• Simon Keegan, Pennine Dragon, New Haven Publishing,14 March 2016,
  • Graham Phillips, The Lost Tomb of King Arthur, Bear & Company, 19 May 2016,
  • Chris Barber, King Arthur: The Mystery Unravelled, Pen & Sword History, 30 June 2016.
Phillips and Barber are well published authors needing no introduction, their latest Arthurian works claiming to be a summation of a life-times study of the legend, but this is Keegan's first book.

The Real King Arthur of the North
Pennine Dragon: The Real King Arthur of the North by Simon Keegan (New Haven Publishing,14 March 2016) claims to be the definitive work on the true King Arthur published in the 1500th anniversary of Arthur's greatest victory at Badon.1

A journalist from the Daily Mirror newspaper's Manchester office, author Simon Keegan expected to find Arthur in the south-west of England as the legend claims but after years researching the ancient texts he says it is possible to prove that Arthur was from the Lancashire-Yorkshire area.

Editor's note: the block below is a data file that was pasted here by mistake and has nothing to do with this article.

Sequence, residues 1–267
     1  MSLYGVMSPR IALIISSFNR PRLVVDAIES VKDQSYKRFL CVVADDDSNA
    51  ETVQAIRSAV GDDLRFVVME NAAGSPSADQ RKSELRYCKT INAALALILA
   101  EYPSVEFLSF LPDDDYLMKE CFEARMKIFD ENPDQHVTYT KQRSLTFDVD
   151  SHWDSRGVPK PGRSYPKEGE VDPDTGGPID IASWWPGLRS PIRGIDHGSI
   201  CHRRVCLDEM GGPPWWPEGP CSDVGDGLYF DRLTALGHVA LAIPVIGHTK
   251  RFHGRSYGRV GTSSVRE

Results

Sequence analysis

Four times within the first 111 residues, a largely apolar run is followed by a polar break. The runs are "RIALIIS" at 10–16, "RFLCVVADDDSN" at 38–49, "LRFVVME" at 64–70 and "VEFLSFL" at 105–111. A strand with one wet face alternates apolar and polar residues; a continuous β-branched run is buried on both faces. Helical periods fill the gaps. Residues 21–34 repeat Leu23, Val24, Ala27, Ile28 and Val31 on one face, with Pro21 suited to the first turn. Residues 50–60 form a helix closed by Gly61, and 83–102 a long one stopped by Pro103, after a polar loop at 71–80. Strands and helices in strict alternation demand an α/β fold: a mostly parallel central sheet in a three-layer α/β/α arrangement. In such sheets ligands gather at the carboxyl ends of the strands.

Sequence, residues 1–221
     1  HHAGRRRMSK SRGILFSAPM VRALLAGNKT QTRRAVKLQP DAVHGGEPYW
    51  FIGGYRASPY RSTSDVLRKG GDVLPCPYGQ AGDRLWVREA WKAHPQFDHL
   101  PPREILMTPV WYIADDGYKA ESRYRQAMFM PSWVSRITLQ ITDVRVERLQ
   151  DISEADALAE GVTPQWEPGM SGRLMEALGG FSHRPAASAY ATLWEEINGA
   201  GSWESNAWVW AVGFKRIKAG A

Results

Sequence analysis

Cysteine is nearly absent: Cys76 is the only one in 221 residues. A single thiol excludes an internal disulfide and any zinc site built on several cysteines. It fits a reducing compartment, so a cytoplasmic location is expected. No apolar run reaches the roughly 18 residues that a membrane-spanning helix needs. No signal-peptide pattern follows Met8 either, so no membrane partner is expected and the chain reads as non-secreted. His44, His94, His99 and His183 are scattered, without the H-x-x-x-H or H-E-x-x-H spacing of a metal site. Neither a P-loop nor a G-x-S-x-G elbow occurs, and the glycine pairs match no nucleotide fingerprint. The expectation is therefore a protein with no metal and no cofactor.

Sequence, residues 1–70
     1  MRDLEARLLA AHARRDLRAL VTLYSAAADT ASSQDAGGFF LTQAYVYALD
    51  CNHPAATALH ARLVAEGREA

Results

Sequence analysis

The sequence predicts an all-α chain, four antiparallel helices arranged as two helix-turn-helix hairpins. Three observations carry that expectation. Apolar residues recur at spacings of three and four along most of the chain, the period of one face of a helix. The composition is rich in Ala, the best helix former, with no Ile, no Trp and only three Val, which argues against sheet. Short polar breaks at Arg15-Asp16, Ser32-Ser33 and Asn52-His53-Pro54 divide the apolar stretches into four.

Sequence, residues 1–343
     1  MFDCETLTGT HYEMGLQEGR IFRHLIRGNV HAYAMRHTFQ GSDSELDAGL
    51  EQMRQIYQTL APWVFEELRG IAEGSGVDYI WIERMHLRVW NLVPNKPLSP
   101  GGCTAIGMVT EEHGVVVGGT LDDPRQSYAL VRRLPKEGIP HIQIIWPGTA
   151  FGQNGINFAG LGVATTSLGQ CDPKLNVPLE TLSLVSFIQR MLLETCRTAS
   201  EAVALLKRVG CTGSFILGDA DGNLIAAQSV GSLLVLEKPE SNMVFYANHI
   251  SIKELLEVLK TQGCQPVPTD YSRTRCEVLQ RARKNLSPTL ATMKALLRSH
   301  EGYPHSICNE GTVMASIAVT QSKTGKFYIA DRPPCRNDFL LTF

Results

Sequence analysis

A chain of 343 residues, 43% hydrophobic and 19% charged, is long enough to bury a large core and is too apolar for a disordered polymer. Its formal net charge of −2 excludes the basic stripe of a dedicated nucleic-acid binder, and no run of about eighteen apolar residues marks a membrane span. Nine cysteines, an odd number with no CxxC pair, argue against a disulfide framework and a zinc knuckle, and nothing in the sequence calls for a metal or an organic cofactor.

The popular image of King Arthur is a medieval knights in shining armour possessing a magic sword and advised by a wizard could not be further from the reality of the historic Arthur was first recorded much earlier as a warleader fighting invading Saxons in the 6th century. Keegan therefore chose the statue of Constantine at York, apparently an ancestor of Arthur, for the cover of his book because he wanted to show what a true Romanised leader like Arthur would look like rather than a latter day medieval knight.

Keegan argues that Arthur was always identified as a man of the north in the earliest historical references and identifies Arthur's battles as being fought across the north of England and lowlands of Scotland. Keegan claims we find that Arthwys was at precisely the right time and place and is the only possible man who could have been the King Arthur of legend.